By Alexander Dolgun
This e-book is set survival in any respect bills. it really is appealing in it is haunting methods and unhappy past trust. yet there's a thread of spirit that is going through it that makes you recognize Mr.Dolgun very a great deal. i used to be sorry to listen to he died so younger.
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Extra resources for Alexander Dolgun's story: An American in the Gulag
Other nights, most nights, he would go out for a good supper around midnight or one o'clock (I guessed; the only clock I ever saw was in the room of the iron book) and come back wiping his chin and read awhile or work on his files. One night I enraged him by making fun of his needle-and-thread work with the files. They were laced into a soft-backed cover with holes down the side, and when he wanted to enter a sheaf of finished protocols he had to get out a sort of long needle and some coarse yarn and, after unlacing the existing binding, sew it up again.
But this morning I've got the bastard because I can sing and that means I'm still in touch with the outside and I've had half an hour's sleep, maybe forty minutes, and when he sees me he just won't understand why I'm so goddamn cocky and I'm going. to be goddamn cocky this morning because I know that bastard is just not going to get what he wants from me and one of these days he's going to have to let me go! I remember that I walked faster and faster up and down the cell that morning, pivoting on the ball of my foot at the end of the cell, filling my lungs up and singing nonstop.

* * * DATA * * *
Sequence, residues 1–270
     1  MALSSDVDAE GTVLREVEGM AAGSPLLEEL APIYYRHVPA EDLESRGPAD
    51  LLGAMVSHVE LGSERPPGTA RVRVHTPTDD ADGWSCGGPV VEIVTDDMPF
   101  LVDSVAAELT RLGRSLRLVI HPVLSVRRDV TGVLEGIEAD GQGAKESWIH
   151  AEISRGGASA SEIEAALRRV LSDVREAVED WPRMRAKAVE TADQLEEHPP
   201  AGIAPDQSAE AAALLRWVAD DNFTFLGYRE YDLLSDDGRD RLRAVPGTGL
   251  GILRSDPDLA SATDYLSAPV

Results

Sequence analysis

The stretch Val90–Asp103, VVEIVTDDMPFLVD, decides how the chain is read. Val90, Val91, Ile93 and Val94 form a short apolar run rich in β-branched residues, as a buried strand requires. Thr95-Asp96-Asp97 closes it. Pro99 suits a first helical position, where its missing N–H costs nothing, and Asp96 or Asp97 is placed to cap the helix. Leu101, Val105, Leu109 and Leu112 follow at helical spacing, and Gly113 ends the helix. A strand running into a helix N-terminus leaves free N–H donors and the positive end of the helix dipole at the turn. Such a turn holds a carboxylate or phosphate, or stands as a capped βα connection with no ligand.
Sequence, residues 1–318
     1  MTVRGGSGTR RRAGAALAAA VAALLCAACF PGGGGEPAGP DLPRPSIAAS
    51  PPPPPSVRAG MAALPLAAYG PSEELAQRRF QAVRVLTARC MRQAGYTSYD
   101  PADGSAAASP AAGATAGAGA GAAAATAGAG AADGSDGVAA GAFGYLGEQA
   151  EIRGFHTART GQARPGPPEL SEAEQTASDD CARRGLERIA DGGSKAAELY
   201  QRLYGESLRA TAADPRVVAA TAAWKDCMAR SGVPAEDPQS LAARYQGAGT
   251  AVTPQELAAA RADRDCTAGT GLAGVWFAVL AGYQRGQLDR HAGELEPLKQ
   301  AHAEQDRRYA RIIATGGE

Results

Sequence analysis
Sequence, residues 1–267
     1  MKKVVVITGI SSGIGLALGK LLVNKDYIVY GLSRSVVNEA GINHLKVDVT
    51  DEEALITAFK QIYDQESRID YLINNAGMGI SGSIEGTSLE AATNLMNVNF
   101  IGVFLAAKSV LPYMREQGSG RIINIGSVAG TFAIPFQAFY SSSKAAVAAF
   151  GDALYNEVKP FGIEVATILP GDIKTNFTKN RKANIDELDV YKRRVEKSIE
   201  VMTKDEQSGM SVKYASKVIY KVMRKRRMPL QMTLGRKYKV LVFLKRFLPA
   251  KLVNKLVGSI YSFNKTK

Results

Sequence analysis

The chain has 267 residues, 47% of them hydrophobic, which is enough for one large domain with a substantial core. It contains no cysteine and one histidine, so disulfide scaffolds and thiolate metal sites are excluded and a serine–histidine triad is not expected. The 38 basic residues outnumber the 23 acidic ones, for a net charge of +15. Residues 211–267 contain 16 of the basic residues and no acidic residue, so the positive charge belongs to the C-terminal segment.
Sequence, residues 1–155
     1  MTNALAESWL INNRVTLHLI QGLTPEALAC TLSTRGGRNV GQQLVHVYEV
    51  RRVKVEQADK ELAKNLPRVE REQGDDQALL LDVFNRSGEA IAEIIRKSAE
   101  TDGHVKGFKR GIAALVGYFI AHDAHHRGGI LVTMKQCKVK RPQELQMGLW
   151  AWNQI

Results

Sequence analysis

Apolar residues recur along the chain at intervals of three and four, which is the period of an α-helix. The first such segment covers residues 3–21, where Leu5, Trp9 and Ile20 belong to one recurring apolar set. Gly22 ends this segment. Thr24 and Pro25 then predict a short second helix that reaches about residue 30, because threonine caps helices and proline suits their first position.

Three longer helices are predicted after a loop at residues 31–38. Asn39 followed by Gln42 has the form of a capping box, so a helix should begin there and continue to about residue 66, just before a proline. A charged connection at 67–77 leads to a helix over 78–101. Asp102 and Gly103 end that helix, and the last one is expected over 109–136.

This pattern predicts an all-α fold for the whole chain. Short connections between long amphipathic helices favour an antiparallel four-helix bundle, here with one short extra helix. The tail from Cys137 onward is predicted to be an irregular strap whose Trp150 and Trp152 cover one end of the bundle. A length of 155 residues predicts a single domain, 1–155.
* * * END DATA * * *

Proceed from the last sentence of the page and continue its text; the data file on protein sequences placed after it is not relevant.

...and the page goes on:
Why should they? I just tucked my head down against the wind and walked and walked. The door of the cell opened. " I thought, Hell! I'm only at 4,150 paces. I'd been walking for an hour. Then I thought, Why stop? I nodded at the guard, still counting, and determined that I wouldn't lose the count because every step would matter just as every minute of stolen sleep would matter. I fell into step behind him with my hands behind my back, my eyes straight ahead, and walked and counted, down the corridor, up the steps to the room of the iron book, signed my name with my feet still moving up and down, and counting, counting, might as well add in every step we can, kiddo, because we're walking home, and on to the interrogation room and into it and down in the chair at last, my legs really tired and glad of the rest now, and I've got 4,450 paces and Sidorov isn't here yet.